October 20, 2010
We've had a nice evening.
When Chef came home, he handed me a card he'd made for me at school. This is the third piece of art he's given me since school started. I told Chef that I felt like giving him a hug, and I know he doesn't like hugging but I wanted him to know that I felt like giving him one. Chef looked down at the floor and said, "Oh." I asked why he was looking down at the floor, and Chef said that he likes hugs. Well, this was news! There have been many "issues" with hugging over the years and Chef has stated that he isn't comfortable with hugs. When I said I was surprised to hear he likes hugs because he's said and shown that he doesn't like them, Chef said he doesn't remember saying he doesn't like hugs and stated again that he likes them. Well, well! Hugs it is then!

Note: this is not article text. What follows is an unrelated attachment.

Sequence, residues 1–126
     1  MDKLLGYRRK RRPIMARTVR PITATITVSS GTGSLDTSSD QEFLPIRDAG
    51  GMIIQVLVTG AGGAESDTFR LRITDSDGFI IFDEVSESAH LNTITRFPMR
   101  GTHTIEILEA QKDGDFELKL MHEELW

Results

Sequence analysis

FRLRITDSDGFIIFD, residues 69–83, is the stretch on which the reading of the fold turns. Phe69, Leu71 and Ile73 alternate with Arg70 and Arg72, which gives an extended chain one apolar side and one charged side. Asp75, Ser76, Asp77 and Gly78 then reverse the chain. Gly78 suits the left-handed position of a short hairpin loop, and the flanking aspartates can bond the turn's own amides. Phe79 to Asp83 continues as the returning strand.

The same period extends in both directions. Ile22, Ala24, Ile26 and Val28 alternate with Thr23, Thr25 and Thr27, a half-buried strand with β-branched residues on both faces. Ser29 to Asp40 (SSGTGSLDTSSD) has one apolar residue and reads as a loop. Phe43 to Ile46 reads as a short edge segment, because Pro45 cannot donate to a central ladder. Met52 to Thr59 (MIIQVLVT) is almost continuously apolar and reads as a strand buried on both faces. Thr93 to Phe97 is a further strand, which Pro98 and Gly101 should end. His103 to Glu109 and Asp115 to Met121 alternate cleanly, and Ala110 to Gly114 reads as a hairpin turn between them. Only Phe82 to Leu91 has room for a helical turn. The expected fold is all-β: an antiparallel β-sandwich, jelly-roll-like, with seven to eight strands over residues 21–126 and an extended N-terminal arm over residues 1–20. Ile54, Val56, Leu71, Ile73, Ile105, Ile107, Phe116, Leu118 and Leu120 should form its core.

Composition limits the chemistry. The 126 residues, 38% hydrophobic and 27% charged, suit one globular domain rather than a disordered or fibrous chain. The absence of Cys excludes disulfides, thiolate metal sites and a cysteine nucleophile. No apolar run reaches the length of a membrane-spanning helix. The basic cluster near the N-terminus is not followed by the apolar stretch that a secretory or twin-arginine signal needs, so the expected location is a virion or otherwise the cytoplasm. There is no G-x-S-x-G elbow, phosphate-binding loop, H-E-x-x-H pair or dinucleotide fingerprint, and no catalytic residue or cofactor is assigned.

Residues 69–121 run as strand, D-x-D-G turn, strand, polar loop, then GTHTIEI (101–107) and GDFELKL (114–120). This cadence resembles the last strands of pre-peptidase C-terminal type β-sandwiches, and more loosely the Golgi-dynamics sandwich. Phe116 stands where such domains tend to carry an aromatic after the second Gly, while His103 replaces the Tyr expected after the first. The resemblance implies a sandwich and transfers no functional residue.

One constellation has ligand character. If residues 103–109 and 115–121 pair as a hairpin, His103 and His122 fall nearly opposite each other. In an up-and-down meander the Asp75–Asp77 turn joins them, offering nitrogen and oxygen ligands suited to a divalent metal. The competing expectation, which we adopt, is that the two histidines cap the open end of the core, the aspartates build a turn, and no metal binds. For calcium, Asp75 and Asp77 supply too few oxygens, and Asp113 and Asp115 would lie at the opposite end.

Chef had his usual rest when he got home from school, then immediately worked on dishes. He and I talked for a bit before supper. I told him I'd been hearing that he has the possibility of foster care on his mind, and that he seems to think that if he's in foster care he wouldn't have to do any chores - two people told me that today, so I decided I didn't need to discuss specific names with Chef and that it was enough to say that I'd been hearing it from folks. Chef's initial response was, "Yeah, I said that a long time ago when I was angry because I didn't want to do chores." When I said that I'd heard it recently, he said that he hadn't said it recently, then repeated that he'd said it a long time ago when he was angry because he hadn't wanted to do chores. I said I wondered if there were any other reasons he might have talked about foster care. Chef said, "Just chores cuz I didn't want to do them. And I wanted some new stuff." "New stuff?" "Yeah, sometimes kids get new stuff if they're in a foster home and maybe I'd get some new stuff." "Or you could go through the appropriate steps at home and use allowance to get new stuff, or take care of things so people want to buy you new stuff, or behave appropriately so you don't miss out on opportunities where you could get new stuff." Chef nodded, then repeated that he'd said that a long time ago when he was angry about chores. I asked Chef if he felt like I might place him in foster care. "No, I don't think so. You did that one time, I think, but that was a long time ago." We talked about some of his experiences in that foster home (I'd placed him for a short time when he was in grade 5 because I was exhausted from not sleeping at night after discovering Chef had been climbing out his bedroom window to get candy from the corner store), and I was shocked when Chef started talking about chores. In the past, he'd said he hadn't had to do chores there. Tonight he said everyone had to take turns cleaning up different parts of the kitchen after supper and no one had to clean up the whole kitchen and no one ever had to do any other chores. So I explored that with him. As I asked questions, Chef seemed surprised to realize that the other/older foster children (in jr high, according to Chef, when Chef was in grade 5) in that home were actually doing supper dishes for six people compared to him doing supper dishes for two. He'd apparently been focusing on the fact that the kitchen chores in the foster home had been divided among 4 children (dishes for family of 6 plus bigger kitchen), whereas his kitchen chore involves the dishes plus wiping the counters/stovetop plus sweeping (dishes for family of 2, tiny kitchen). Chef then pointed out that no one there had to do any other chores. I asked if they had to keep their rooms reasonable. "Well, yeah, but that's it other than helping in the kitchen." "Did they have to get up in the morning and wash up?" "Yeah." "Were they expected to wear clean clothes?" "I don't know." "Hmmm, so you're thinking they had it easier because the kitchen chores were divided up, even though they had to clean up after more people, and they didn't have another chore to do on the weekend?" We talked a bit more then had supper.